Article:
Locals in Indonesia making a living as rented carpool riders

The World

Story by Sandy Hausman, PRI’s The World. Listen to audio for full report.

With 20 million vehicles on the streets each day, and with far less pavement than in big cities like New York, Singapore and Tokyo, traffic in Jakarta is terrible. Deden Rukmana, who teaches urban planning at Savannah State University, says the population of the world’s sixth largest metropolis has been growing so fast that the city can’t keep up.

“In 2000, they had 20 million and in 2010 up to 28 million. There is a study showing that Jakarta will have total traffic gridlock by 2014,” he said.

To reduce the number of cars on the road, lawmakers have designated several main arteries as what they call “Three in One zones.” During the morning and afternoon rush, you can’t drive there unless you have at least three people on board. That’s why, near the entrances to the zones, men, women and children line up – raising their index finger – offering to rent themselves to commuters in a hurry.

Twenty-year-old Litjak climbs into a black sedan, cradling her 2-month-old daughter Nabilah. Together, they’ll help a college student get to class on time. The baby gives Litjak a competitive advantage, providing two passengers for the price of one.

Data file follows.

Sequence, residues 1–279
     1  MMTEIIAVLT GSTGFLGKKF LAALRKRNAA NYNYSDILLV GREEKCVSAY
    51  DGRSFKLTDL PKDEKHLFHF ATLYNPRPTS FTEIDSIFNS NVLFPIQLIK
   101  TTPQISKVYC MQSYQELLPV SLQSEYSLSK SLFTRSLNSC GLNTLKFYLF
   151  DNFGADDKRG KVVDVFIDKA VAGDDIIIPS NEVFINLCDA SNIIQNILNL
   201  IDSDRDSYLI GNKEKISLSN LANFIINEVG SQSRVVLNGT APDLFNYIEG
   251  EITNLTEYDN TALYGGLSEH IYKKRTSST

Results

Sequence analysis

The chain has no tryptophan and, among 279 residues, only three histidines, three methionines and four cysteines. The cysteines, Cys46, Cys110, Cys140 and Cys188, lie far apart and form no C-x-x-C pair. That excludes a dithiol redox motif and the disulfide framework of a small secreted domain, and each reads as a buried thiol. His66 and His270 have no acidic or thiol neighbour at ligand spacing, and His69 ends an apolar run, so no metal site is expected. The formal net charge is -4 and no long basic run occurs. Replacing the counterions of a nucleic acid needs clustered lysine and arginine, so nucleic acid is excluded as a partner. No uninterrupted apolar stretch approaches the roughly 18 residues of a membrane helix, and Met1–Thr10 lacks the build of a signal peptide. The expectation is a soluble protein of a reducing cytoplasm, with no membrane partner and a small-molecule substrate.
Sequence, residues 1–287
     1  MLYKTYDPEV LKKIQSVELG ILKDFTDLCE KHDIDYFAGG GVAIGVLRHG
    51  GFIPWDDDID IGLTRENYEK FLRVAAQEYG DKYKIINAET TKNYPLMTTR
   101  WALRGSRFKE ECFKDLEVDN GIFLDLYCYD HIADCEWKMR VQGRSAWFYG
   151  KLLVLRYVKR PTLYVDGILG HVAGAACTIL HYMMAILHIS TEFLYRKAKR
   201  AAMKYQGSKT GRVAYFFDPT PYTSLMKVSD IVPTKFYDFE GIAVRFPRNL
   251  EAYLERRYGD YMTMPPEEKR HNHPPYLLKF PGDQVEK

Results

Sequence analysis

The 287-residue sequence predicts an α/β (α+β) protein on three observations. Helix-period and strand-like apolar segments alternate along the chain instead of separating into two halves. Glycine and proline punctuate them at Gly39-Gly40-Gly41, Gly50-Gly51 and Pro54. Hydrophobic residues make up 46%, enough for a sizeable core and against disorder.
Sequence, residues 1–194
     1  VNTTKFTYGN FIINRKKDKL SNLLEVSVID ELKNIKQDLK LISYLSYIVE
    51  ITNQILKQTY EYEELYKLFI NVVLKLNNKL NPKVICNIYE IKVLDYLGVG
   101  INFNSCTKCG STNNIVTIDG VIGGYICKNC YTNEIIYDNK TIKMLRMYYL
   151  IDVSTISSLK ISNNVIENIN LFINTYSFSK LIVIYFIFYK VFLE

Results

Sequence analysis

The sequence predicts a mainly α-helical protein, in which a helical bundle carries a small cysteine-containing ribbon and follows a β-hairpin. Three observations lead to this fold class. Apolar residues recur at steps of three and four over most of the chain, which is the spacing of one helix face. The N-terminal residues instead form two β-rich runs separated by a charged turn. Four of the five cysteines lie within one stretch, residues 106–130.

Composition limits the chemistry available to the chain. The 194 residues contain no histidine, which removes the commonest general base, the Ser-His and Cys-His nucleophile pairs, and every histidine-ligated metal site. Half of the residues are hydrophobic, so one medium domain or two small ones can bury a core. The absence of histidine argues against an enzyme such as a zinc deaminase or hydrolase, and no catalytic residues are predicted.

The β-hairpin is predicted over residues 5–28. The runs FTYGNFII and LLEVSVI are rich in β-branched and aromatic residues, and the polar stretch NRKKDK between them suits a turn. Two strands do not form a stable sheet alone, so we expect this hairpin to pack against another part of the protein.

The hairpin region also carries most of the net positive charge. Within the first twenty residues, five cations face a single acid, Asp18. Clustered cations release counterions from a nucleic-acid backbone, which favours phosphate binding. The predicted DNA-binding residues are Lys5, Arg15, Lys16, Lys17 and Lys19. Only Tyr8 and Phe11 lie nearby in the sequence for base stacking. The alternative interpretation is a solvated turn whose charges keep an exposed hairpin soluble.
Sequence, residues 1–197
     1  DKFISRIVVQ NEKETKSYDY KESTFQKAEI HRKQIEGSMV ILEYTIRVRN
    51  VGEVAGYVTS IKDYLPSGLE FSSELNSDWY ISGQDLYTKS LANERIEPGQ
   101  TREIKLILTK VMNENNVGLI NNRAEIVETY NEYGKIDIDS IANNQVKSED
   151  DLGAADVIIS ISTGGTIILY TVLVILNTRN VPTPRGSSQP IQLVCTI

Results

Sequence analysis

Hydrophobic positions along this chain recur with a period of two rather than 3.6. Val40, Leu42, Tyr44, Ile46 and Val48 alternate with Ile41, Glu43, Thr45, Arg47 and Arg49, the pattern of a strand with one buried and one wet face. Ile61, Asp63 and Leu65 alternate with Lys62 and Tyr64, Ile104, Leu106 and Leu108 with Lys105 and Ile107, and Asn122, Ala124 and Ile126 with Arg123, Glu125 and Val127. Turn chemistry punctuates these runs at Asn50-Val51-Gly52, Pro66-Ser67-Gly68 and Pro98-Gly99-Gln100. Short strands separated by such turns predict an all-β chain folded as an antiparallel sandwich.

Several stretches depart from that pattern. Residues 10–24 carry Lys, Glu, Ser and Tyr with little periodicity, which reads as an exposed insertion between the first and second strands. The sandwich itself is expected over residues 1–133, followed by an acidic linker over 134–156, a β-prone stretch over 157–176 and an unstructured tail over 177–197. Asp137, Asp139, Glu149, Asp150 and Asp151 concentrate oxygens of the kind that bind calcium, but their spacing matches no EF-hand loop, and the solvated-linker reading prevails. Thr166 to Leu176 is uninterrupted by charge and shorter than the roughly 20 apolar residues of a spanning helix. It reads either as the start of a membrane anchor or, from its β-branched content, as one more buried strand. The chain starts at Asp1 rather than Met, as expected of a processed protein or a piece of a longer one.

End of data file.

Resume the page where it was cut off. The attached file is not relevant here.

Litjak says she can make at least two trips in a morning, collecting two or three dollars to help pay for household expenses. She never worries about her safety, and she likes the work. People who can afford to pay have nice cars, so she sits in air conditioned comfort, listening to the radio.

Read the rest of this story on The World website.


PRI’s “The World” is a one-hour, weekday radio news magazine offering a mix of news, features, interviews, and music from around the globe. “The World” is a co-production of the BBC World Service, PRI and WGBH Boston. More about The World.

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